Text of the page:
Council hears coronavirus info

By Sheryl Roadcap -

SIDNEY — Sidney City Council heard updated information on the cornavirus during Monday evening’s meeting.

Sidney-Shelby County Health Commissioner Steve Tostrick and Public Health Nurse Erica Lentz spoke to council members about the most up to date information available on COVID-19. Tostrick said the coronavirus was renamed COVID-19 because it is shorter. The World Health Organization announced the name change came due to a need to find a name that did not refer to a geographical location, an animal, an individual or group of people, and which is also pronounceable and related to the disease.

Tostrick assured those present Monday evening the Ohio Department of Health (ODH), in coordination with the Centers for Disease Control and Prevention (CDC), is closely monitoring the disease, which was first identified in Wuhan, Hubei Province, China. Ohio remains at a low risk for this outbreak of respiratory illnesses, he said.

Prior to Monday’s meeting, there were no confirmed cases in Ohio, but by that afternoon, Tostrick said the number was changed to three confirmed cases. Each day around 2 p.m., updated information is made available by the CDC.

People infected with COVID-19 are entitled to remain anonymous, due to the Health Insurance Portability and Accountability Act (HIPAA).

There is currently no vaccine to prevent COVID-19 infection. To help prevent infection with COVID-19, Tostrick said people should take the same precautions one normally would during cold and flu season, including the following:

• Frequently wash your hands for 20 seconds or more with soapy water. If unavailable, use alcohol-based hand sanitizer.

• Avoid touching your eyes, nose, or mouth with unwashed hands.

• Avoid contact with people who are sick.

• Stay home while you are sick (except to visit a health care professional) and avoid close contact with others.

• Cover your mouth/nose with a tissue or sleeve when coughing or sneezing.

• Get adequate sleep and eat well-balanced meals to ensure a healthy immune system.

• Clean and disinfect frequently touched objects and surfaces.

Signs may appear between two to 14 days after exposure, according to the CDC. Lentz explained the virus mimics symptoms of the flu. She said experts will consider factors such as fever, shortness of breathe and travel history, when considering if they should be tested for COVID-19.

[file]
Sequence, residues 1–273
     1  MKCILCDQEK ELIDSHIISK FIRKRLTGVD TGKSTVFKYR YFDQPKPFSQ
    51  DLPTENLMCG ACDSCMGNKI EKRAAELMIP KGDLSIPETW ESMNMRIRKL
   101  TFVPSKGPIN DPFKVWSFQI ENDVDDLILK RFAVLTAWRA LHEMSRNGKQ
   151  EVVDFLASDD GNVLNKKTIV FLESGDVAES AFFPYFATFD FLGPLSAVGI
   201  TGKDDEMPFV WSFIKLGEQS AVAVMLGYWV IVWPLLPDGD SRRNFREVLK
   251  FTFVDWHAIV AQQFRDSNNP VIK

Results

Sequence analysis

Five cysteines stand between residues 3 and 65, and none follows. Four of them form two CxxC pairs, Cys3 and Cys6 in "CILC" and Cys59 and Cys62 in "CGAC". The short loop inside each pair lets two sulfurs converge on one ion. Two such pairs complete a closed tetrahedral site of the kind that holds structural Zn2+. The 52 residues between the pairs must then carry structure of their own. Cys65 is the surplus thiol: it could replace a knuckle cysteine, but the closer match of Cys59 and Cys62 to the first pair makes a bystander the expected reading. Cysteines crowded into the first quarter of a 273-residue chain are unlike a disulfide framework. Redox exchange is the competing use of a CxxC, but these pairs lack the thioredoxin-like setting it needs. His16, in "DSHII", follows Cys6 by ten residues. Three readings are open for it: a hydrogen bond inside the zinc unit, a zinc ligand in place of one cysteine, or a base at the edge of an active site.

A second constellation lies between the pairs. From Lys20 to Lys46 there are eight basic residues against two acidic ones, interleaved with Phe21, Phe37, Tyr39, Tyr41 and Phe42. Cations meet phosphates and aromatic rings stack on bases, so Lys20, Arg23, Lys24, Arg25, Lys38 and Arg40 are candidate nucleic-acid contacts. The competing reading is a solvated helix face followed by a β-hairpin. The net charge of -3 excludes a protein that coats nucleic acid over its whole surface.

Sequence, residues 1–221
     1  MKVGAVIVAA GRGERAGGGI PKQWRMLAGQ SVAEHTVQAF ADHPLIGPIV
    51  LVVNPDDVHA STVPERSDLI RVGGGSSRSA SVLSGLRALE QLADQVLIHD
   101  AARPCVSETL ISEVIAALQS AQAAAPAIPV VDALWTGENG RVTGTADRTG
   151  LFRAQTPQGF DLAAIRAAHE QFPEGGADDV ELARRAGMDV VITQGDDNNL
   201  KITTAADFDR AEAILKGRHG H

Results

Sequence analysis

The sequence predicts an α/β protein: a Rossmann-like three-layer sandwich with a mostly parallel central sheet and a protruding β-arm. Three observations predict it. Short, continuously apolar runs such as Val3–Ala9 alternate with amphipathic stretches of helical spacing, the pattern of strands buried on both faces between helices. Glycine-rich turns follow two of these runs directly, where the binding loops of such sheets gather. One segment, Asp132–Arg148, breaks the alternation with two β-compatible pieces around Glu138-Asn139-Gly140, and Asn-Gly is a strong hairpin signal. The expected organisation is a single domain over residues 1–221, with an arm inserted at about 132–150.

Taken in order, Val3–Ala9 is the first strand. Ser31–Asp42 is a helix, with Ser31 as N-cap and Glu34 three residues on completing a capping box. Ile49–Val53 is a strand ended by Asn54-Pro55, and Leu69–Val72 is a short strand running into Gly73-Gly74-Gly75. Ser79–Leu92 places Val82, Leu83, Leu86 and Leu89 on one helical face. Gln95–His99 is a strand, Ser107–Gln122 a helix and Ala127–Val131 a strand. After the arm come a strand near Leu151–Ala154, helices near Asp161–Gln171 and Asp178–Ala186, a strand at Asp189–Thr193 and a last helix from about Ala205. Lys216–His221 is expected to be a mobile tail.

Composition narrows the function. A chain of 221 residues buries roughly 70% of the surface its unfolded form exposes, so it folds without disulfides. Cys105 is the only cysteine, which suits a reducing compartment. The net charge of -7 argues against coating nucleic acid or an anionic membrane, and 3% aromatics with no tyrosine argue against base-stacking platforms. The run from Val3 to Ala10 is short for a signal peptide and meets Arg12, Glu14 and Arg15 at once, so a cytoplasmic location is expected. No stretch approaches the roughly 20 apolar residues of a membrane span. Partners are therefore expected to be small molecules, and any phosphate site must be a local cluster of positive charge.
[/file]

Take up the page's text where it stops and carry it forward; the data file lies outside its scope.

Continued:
Lentz advised those who feel sick to call their family doctor first before going to the hospital. The doctor will advise how to move forward. If immediate medical attention is not necessary, infected persons are advised to stay home and and self-quarantine.

When asked, Lentz said currently experts are saying people will not be infected from handling items shipped from China. The virus can last hours to several days on surfaces.

Tostrick reiterated that people should make a conscious effort to avoid touching their face and wash hands often. Also, people should also avoid using common place items, such as the water pitchers shared by council members at the meeting or pens multiple people have used at public places. He suggested to try to keep a 6-foot-distance from people, if possible, to avoid infected droplets of from people who sneeze or cough.

Tostrick noted health officials are seeing the ages of those who are infected decrease from 60-plus down to age 50 and up. Also, opersons with pre-existing medical conditions are at a higher risk. People who recently traveled to China, South Korea, Japan, Iran, or Italy, and people who care for patients with COVID-19 are at the highest risk, according to the ODH.

Addressing the virus had been in the planning stage, Tostrick said, and has now moved into the stage of spreading community awareness. Gov. Mike DeWine has been proactive in local efforts, he said, with the cancelling of many public events. Currently there are a small number of test kits available state-wide, but officials hope to receive more soon.

Tostrick and Lentz could not say if this virus was worse than others in the past such as SARS or H1N1, when asked, because it is still a new virus. They also said only time will tell if the virus will die down after warmer weather arrives.

For local information visit the Sidney-Shelby County Health Department website at For state-wide information, the Ohio Department of Health has activated a site dedicated to this subject at And for national information, the Centers for Disease Control and Prevention’s has created a page dedicated to the virus at

In other business, City Manager Mark Cundiff encouraged citizens to get out and vote in the March 17 election. He said, “Strong schools equal strong communities.”

Also attending Monday’s meeting were three Boy Scouts 0f Troop 66, who were asked by Mayor Mike Barhorst to stand, introduce themselves and tell what they learned.

By Sheryl Roadcap

Reach the writer at 937-538-4823.

Reach the writer at 937-538-4823.